June 26, 2008
Patrick Backs Tuition Break for Children of Illegals
By Matt Murphy, The Sun, Lowell, Mass.
Jun. 26--BOSTON -- Gov. Deval Patrick's education-reform plan would offer children of illegal immigrants living in Massachusetts lower in-state college tuition rates, a politically sensitive topic around the country."It makes good sense for us economically and, for me, it's about simple justice," Patrick said yesterday. "We don't tell these kids they can't go. We just tell them that they'll have to pay more than the kids that have been sitting across from them in school all these years."
Students would have to complete high school, pass the MCAS exam and be on a path to citizenship to qualify for the in-state tuition rate.
Patrick released his final recommendations in his expansive "Readiness Project" yesterday. Other proposals include free access to community colleges and making community-college credits easily transferable between all state schools. It marks the first attempt at revamping public education since the Education Reform Act of 1993, which ushered in the MCAS exam and benchmark funding for public schools.
In January 2006, the Massachusetts House voted 57-96 to defeat a bill to allow the tuition breaks.
Supporters say many of the children have lived in the country for years and were brought here by their parents. They also point out that at least 10 others states offer some illegal-immigrant students in-state tuition rates.
Critics say it rewards those who entered the country illegally.
"It's been defeated before," said House Republican leader Brad Jones of North Reading. "It's the wrong direction. It's the wrong policy. By law you can't offer these people legal jobs."
Jones also criticized Patrick for not detailing how much the reform initiative will cost.
Patrick expects this latest effort, which includes 55 proposals to remake the education system, to take the better part of the next decade to implement as the state grapples with choosing which reforms to adopt and how to pay for many of the costly initiatives.
"We're very enthused that there is a renewed focus on education and that it's getting the attention it needs," said Linda Noonan, managing director of the Massachusetts Business Alliance for Education. "What jumps out at us is the overall acknowledgment that the system as a whole needs to be restructured."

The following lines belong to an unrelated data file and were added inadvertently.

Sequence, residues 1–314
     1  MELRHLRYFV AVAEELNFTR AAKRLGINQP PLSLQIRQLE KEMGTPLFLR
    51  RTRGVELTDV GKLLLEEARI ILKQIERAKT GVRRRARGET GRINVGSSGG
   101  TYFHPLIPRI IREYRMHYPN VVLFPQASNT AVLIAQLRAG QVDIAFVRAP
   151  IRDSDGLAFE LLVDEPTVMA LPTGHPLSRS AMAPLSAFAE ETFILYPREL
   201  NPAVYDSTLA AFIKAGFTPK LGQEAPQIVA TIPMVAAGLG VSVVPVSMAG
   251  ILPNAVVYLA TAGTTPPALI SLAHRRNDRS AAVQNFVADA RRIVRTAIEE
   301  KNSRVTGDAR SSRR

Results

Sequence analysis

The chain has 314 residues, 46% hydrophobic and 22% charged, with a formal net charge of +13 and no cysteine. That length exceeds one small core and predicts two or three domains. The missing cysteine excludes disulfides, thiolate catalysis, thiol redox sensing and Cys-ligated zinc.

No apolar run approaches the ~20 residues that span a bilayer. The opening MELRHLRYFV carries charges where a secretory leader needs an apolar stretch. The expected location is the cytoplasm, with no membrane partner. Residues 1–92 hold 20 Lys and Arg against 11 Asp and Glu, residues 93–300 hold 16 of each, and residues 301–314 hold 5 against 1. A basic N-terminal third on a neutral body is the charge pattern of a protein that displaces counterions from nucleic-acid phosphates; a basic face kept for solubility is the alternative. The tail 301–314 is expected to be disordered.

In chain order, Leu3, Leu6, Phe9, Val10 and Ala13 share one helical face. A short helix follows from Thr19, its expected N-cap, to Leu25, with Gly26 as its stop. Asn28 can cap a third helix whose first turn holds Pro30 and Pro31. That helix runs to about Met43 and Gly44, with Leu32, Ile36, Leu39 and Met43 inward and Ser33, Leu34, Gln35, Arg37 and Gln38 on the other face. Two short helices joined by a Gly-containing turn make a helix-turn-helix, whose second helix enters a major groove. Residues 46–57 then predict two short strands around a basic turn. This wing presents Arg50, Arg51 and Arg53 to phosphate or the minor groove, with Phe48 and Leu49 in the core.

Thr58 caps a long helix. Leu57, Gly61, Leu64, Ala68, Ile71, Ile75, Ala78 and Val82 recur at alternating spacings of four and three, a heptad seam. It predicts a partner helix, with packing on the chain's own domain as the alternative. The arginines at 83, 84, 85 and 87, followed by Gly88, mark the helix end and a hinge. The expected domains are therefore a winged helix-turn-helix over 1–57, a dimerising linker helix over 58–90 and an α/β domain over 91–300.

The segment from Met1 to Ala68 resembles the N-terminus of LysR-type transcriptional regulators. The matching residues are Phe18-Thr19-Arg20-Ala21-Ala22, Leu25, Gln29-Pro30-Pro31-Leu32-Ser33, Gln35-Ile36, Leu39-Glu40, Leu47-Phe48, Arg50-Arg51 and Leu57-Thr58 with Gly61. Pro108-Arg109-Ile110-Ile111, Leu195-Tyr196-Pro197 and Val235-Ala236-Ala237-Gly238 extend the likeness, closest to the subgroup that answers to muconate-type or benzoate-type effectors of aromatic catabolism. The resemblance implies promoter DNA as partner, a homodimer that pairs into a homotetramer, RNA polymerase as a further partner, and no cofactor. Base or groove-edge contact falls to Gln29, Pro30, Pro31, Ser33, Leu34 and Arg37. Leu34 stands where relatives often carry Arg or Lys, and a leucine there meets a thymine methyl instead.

Noonan said the alliance is particularly intrigued by certain goals that call for addressing teacher compensation such as the statewide contract proposal and increased pay for teachers in at-risk schools. Only time will tell, however, what comes of these proposals.
"There are too few details to be anything but optimistic at this point," Noonan said. "I don't think anyone can argue with the goals."
The Readiness Project did not come with a price tag. A separate Readiness Finance Commission will study the costs of each proposal and possible funding sources. That report is due in November.
The governor has indicated casino gambling might be one way to pay for some of the reforms, but would not commit to refiling his defeated bill that called for three resort-style casinos in Massachusetts.
"Everything is on the table," Patrick told reporters yesterday, "everything except property taxes."
Both the governor and incoming Education Secretary Paul Reville dismissed criticism that the administration has called for sweeping reform without providing a way to pay for it, arguing that it was a choice to first identify everything needed for students to succeed before trying to decide what the state could afford.
"The largest enemy of school reform is complacence," Reville said.
Over the past three days, Patrick has rolled out a laundry list of reforms he will try to tackle in the months ahead, some likely easy to achieve while others will undoubtedly prove to be politically difficult.
Among the proposals:
--Longer school days and year.
--Combining school districts with fewer than 4,000 students.
--A statewide teacher's contract with higher pay for those who teach in cities and high-needs districts.
--Competitive salaries for college-level instructors.
--Early high-school graduation for students who pass an international exam.
Patrick is also looking to reduce class sizes, cut the drop-out rate to less than 10 percent and boost graduation rates in inner cities, put counselors in schools to help children cope with outside stresses that impact learning, and reduce the achievement gap for low-income and minority students.
His plan to create locally controlled "Readiness" schools has also ruffled some feathers in the charter-school community, which fears a move toward these new schools will de-emphasize the role of traditional charter schools.
This report includes material from the Associated Press.
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